I was on the edge of destruction, hell bent on the rules of society, dreams and determination. It was a fleeting thought that was lost in the moment. I tried to grab it and hold on tight; capturing it in a jar like a firefly to light the way on a hazy summer evening. It was calling to me over and over: Drive to your dreams, face the future and bare witness to a new beginning focused on hope. Hope that one day we can make amends with ourselves, with others, with those we’ve lost and those we’ve loved.
And there I sat at the cross roads in the desert staring at a single dirt covered traffic light. The light intermittently pulsed yellow over and over. On. Off. On. Off. I gripped the wheel tight, closed my eyes and inhaled deeply. There I sat all alone. When I opened my eyes, I could see for hundreds of miles in every direction. A strong menacing wind shook the car. In the distance I could see the tails of clouds touching the ground. They stood in line like soldiers preparing to march the battlefield; with a simple command they were prepared to turn into relentless machines of devastation.
What was I doing here anyway? The lights continued to pulse. On. Off. On. Off. I felt my heart match the lights rhythm. On. Off. On. Off. The wind picked up as dirt and debris bounced off the side of the car.
I had a decision to make. Do I drive forward and challenge the restless order of nature or find another route? “The fury is only matched by the beauty that comes from the chaos before it,” he said sitting next to me. I had stopped listening to him years ago; though we could never really get away from one another. “Comforting, isn’t it?” he added. I stared into the rear view mirror. There was still no traffic in any direction.
“Dreams. We’re chasing dreams. The infinitely vast universe of hope, happiness, security, and rhythm,” I said with a firm tone.
“Rhythm?” he laughed abruptly, leaning in from the backseat.
“And of letting go? Of letting the chips fall where they may? Of freedom, fucking, and chaos?” he added with a delighted grin.
Those thoughts never really left me. They never really leave anyone.
In the far distance, it seemed as if the sky had fallen to the earth. The wind whipped stronger than before, rocking the car gently like a cradle. One of the cloud tails twist like a corkscrew boring into a place it didn’t belong.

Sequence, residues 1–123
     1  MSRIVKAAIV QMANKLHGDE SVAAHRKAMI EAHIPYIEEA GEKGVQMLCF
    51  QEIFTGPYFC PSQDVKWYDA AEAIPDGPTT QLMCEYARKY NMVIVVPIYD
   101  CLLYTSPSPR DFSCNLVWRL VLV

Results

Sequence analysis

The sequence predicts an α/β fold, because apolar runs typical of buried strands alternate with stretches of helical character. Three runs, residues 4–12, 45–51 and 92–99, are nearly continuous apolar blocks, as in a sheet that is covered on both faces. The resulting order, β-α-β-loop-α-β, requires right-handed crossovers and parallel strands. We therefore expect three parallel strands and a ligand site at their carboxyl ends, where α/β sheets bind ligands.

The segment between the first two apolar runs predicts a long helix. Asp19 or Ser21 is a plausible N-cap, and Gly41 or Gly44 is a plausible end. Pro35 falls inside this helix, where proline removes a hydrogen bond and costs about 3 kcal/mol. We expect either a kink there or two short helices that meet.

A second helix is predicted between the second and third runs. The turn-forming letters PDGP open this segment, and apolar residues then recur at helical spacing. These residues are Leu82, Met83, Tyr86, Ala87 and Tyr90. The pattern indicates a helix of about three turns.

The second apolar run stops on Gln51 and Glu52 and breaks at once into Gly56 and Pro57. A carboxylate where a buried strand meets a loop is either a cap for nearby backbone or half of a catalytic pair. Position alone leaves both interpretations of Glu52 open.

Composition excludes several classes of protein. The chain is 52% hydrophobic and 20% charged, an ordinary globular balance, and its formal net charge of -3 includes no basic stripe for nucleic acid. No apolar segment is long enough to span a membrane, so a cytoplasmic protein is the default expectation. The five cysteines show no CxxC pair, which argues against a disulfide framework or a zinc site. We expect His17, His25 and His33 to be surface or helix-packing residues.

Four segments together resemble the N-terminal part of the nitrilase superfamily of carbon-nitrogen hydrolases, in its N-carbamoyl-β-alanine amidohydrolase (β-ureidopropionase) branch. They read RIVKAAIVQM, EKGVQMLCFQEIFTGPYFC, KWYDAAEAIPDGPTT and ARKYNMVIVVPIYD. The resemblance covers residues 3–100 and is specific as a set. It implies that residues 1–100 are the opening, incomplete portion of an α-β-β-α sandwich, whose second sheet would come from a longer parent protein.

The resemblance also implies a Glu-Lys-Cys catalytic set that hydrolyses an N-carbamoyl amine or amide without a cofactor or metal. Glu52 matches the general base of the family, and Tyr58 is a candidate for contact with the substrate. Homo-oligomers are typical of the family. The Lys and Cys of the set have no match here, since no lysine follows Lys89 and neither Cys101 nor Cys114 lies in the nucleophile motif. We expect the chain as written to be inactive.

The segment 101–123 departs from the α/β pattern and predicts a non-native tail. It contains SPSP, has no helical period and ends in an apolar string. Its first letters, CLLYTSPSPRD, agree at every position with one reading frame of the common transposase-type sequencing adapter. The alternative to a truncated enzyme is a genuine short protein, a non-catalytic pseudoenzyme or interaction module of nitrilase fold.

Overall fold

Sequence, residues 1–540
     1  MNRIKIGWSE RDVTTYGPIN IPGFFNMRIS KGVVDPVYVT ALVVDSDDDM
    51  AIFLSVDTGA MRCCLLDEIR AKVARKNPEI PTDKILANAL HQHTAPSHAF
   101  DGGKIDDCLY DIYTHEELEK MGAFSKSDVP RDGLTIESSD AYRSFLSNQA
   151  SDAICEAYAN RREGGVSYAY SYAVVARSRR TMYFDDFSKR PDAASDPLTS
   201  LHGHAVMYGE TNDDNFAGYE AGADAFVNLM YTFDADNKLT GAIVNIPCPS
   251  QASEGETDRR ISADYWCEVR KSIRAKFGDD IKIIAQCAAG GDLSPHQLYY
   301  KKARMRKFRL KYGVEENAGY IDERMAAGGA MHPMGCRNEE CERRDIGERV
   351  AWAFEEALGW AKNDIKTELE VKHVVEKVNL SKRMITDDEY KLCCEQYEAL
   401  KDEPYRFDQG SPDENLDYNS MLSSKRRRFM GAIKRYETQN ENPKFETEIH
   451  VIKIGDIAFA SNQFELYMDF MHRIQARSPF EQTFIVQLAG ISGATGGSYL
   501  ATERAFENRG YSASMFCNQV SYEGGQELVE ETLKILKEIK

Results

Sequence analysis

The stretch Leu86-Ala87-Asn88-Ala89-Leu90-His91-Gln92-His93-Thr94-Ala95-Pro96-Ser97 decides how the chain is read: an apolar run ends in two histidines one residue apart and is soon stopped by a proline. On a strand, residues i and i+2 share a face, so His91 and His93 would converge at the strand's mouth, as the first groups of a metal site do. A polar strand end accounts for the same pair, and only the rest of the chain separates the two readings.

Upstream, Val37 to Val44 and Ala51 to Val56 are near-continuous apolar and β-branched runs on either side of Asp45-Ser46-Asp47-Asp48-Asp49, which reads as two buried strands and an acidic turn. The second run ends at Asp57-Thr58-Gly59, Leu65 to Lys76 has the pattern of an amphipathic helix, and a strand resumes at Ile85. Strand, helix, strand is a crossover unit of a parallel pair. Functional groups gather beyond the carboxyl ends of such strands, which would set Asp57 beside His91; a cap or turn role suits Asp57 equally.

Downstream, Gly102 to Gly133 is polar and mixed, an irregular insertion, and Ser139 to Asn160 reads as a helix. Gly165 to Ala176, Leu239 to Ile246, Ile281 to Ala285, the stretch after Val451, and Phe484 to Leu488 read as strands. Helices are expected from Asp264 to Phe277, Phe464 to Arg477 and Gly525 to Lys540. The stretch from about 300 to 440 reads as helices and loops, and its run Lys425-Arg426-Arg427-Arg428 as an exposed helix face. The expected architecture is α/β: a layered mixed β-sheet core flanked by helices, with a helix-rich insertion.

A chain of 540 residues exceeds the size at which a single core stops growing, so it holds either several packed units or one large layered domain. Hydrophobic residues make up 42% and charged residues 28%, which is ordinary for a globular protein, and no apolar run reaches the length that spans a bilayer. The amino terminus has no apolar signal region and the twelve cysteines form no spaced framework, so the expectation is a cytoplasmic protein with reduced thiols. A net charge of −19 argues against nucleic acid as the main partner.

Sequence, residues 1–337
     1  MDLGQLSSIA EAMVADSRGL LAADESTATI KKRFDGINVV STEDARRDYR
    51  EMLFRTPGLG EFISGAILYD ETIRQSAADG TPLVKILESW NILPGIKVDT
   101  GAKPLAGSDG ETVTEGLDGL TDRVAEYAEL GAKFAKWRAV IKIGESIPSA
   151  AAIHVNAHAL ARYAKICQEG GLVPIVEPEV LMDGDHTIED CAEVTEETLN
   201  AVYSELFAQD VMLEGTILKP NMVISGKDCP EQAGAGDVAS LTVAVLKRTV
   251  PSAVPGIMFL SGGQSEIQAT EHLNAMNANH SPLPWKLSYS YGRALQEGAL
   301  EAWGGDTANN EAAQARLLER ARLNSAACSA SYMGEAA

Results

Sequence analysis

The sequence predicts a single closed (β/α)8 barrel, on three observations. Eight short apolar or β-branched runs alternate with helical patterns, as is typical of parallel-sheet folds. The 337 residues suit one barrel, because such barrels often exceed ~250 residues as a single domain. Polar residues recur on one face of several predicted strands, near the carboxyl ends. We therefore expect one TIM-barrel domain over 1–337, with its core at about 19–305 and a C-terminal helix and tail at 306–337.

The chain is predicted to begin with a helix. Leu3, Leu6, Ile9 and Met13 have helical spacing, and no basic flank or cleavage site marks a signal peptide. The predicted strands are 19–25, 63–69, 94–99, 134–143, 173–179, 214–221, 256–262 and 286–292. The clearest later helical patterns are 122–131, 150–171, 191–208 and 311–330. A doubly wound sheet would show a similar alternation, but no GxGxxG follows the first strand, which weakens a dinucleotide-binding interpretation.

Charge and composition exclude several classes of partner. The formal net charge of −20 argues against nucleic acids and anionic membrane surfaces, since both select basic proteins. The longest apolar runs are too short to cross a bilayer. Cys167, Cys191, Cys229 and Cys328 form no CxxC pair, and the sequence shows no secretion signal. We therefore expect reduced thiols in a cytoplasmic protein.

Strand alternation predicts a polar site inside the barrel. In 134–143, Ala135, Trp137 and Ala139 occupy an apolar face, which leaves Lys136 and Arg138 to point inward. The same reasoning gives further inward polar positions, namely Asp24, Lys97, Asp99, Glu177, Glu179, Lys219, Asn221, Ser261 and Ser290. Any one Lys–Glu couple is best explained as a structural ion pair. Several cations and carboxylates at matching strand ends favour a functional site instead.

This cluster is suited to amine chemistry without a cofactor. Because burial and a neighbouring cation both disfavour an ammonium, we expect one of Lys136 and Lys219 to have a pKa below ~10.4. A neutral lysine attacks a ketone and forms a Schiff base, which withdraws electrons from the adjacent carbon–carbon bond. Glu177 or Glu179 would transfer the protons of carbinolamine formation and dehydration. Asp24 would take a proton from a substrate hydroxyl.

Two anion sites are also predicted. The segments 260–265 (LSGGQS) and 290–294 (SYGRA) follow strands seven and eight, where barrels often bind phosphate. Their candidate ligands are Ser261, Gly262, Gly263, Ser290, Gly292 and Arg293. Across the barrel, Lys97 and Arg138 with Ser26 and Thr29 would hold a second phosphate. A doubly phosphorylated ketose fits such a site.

“I’m not 21 anymore,” I replied, unsure of what to really say. He was better with words anyway.
We glanced at each other in the rear view mirror. “But now there’s wisdom in those cold eyes,” he said quietly. “And what of those that need homework?”
On. Off. On. Off. A light rain pelted the car. The dirt and dust turned to a thick mud that clung to the windshield. I turned on the wipers that now also matched the rhythm of my heartbeat, as they smeared the dirt around.
“Purpose you mean? With all this talk about chaos, you always forget about clarity,” I replied.
“True. Sometimes I think of it as my job,” he said propping his feet up on the dashboard placing his hands behind his head.
My left eye twitched as if to say it saw the future and my past colliding. Nearly ten years and neither of us had come to an agreement until today.
A hundred miles down the road the storm had transformed into a full blown twister that was ripping through the open sandy desert. I admired it’s freedom, it’s negligence and it’s unwavering destruction. It could take something sacred and destroy it, all while disregarding everything on the other side of the street. It could change lives instantly and leave an unforgettable mark on the earth. This was restless order; something completely out of our control and bigger than us.
“What now?” he asked. His feet still propped up on the dashboard.
I put the car in drive and mashed down the pedal. The tires let out a screech that sounded more like a sigh of relief. The car hurtled down the road through the thick dust storm as I swerved around the large chunks of debris.
“Like everything else, we’ll know it when we get there,” I said.